How I See It

I see lots of posts about younger kids making mistakes, not having a great game, etc. and thought I would offer some perspective based on our recent experience.

My 12-year-old was offered a great opportunity. We live on the east coast and he was invited to play with a team on the west coast.

We do not play a full schedule with the west coast team but play in larger multi-day tournaments. The team is good. They win a lot. They also lose. Here is what I have learned splitting my time between two coasts:

Every tournament has teams that care more about the win than the well being of the children on the team.

No matter where you play, you may encounter the coach that will stall a game to run out the clock and secure the win, you will hear parents heckling children on the opposite team, and you will find those gems that support every child regardless of the jersey the kid is wearing.

Just because a coach yells at a player doesn’t mean the coach doesn’t have the player’s best interest at heart. The coach that never yells at a player likewise isn’t necessarily developing a better ball player.

The best teams will lose to teams that they could have beaten. That’s baseball (and life).

College and MLB Scouts do NOT attend 12u tournaments, even in Phoenix during Spring Training.

Players will have bad days.

Every kid makes mistakes. EVERY.SINGLE.ONE.

No matter how great the pitcher every game will not be a perfect game.

How the kids react to the loss/mistake, is directly related to how the coaches and parents react (this is a biggie and when adults realize this…gamechanger).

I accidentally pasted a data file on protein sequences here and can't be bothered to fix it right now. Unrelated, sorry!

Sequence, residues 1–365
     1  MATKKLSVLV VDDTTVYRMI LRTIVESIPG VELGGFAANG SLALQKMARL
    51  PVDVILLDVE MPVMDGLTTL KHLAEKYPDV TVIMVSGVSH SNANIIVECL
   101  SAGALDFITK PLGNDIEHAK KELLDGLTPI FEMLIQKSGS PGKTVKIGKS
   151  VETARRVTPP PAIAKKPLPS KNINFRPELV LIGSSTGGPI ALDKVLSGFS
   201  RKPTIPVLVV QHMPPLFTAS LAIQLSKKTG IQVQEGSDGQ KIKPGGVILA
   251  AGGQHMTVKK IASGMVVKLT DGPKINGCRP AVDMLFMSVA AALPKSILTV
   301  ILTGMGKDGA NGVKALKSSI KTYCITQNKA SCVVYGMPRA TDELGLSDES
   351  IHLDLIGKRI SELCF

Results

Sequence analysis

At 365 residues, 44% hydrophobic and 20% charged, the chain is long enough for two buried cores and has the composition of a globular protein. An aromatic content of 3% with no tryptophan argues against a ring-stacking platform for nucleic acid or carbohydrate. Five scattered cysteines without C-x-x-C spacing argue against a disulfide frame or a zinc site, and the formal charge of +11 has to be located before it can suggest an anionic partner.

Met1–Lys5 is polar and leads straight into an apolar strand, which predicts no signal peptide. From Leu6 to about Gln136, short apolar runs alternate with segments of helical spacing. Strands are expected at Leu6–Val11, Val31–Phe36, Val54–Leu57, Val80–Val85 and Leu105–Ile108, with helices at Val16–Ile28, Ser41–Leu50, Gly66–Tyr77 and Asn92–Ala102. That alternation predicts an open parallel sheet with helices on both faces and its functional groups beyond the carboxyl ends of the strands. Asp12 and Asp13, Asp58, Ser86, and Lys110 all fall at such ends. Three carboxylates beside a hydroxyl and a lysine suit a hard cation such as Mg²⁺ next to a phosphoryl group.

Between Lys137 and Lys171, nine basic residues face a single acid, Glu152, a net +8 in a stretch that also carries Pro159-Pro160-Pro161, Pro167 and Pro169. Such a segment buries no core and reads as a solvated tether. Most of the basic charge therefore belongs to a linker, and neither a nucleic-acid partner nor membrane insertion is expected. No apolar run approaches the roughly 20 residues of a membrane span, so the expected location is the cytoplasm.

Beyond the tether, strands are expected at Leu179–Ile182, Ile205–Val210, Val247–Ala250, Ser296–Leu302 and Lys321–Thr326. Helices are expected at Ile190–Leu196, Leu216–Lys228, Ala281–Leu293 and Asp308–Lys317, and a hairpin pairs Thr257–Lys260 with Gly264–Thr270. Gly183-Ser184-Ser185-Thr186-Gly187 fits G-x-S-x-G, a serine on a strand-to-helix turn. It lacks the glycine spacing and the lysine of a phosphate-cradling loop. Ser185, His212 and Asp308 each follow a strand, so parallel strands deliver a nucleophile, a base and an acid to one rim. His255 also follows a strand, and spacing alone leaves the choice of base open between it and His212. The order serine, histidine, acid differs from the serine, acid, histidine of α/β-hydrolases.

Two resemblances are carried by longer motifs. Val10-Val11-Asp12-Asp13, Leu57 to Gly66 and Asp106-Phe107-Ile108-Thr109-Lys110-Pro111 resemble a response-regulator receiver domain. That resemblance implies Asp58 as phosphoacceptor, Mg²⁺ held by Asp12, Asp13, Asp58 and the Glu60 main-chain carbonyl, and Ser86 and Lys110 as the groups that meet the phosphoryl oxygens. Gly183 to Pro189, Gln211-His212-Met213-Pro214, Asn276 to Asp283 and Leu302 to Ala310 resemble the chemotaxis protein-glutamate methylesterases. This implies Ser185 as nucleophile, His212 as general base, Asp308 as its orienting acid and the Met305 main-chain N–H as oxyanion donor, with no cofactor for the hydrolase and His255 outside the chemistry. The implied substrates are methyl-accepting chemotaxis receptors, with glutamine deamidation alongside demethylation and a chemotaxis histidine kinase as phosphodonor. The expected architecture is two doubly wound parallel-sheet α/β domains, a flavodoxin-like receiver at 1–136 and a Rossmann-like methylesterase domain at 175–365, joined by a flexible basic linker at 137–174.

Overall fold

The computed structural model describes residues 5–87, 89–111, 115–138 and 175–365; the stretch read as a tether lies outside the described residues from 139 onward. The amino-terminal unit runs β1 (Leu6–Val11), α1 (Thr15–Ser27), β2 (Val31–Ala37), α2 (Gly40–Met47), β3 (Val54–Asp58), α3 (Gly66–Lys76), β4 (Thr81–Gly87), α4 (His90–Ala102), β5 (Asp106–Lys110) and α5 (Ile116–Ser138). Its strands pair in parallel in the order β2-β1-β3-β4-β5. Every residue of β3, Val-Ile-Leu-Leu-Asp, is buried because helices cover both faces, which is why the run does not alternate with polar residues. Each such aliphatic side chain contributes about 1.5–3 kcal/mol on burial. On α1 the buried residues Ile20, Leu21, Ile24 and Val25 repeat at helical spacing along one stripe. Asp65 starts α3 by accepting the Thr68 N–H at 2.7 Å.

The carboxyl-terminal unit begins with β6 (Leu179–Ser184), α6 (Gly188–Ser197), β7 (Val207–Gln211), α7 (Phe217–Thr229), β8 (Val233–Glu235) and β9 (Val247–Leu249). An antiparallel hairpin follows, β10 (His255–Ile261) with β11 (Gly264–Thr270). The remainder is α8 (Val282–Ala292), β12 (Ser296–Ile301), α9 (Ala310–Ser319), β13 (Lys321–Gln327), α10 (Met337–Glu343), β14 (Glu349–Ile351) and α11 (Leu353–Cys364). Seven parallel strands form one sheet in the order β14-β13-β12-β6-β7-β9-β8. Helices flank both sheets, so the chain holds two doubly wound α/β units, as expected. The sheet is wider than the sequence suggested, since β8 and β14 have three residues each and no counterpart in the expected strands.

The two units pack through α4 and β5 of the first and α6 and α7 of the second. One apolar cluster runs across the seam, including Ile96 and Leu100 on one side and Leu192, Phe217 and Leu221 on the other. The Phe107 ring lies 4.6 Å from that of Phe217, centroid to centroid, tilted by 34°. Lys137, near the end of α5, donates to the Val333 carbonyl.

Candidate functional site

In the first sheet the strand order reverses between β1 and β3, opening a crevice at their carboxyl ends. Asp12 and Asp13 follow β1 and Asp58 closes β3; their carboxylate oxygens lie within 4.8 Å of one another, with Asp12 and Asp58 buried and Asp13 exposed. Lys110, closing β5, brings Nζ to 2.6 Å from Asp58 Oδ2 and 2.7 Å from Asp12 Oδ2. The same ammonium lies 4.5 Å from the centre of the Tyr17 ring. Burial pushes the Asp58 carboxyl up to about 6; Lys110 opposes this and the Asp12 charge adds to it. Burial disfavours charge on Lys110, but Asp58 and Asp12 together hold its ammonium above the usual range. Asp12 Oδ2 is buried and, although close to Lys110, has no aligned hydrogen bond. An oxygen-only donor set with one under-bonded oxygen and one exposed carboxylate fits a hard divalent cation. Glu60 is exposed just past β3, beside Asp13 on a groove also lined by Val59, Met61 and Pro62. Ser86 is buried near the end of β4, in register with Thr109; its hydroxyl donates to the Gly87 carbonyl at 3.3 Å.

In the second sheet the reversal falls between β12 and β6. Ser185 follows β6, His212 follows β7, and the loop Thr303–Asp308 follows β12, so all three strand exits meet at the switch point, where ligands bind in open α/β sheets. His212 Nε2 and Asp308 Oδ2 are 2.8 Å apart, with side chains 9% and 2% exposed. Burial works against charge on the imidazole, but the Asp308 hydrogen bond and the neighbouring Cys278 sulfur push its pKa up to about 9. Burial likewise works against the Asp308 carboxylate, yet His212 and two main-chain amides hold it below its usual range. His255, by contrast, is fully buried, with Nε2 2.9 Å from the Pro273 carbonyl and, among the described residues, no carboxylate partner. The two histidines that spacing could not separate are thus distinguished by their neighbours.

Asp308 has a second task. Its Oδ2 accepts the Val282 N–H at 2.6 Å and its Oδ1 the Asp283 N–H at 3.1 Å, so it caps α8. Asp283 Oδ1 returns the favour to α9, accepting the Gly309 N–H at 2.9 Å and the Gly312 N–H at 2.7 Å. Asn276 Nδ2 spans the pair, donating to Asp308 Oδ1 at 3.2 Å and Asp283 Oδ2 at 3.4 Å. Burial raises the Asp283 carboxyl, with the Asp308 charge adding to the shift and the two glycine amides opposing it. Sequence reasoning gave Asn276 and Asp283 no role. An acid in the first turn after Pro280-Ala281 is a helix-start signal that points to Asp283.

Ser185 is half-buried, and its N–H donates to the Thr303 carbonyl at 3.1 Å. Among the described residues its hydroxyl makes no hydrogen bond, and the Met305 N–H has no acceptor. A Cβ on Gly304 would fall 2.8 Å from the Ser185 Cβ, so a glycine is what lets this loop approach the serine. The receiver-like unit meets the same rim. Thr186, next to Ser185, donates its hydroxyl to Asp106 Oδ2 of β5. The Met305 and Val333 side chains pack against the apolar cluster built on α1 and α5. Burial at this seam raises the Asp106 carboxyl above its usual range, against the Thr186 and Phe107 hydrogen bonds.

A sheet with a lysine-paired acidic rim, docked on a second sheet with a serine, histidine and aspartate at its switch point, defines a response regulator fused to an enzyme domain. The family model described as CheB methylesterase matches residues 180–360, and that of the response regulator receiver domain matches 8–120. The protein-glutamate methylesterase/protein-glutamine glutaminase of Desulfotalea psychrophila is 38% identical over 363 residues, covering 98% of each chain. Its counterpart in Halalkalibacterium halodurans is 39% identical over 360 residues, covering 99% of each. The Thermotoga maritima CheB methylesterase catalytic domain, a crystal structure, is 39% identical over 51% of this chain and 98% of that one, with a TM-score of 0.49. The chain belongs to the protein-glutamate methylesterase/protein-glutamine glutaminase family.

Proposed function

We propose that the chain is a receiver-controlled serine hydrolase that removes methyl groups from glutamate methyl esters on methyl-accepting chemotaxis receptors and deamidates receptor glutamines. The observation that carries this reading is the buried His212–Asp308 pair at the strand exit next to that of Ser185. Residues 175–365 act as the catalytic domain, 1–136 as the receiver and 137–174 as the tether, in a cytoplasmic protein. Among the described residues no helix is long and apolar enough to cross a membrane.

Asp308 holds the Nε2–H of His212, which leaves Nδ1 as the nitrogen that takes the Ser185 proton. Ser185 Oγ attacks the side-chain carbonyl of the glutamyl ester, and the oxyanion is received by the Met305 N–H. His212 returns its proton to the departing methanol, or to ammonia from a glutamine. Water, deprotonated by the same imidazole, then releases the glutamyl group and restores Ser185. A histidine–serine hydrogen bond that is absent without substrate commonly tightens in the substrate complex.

If we as parents only focus on the negative the players do the same, get down on themselves and on each other. Then you have a team that will struggle to gel and play as a team (another biggie and also…gamechanger).

As I watch, I see mistakes. I see teams rally, recover and comeback. I also see teams that allowed the mistakes to get in their heads and they fell apart making more mistakes.

These moments are fleeting and will be gone before you know it. Enjoy the ride and try not to stress so much about the wins, the losses, or having the best player on the team.

When those stresses strike, try and find the ways all the players contributed during the game and focus on the contributions instead of the errors.

One day your little guy will be playing high school or college ball and there may be a scout watching. Mistakes will matter, but recovering from those mistakes and moving on could make all the difference.

These are the years when the game is supposed to be fun.

-Jeanne Bird,

Baseball Mom

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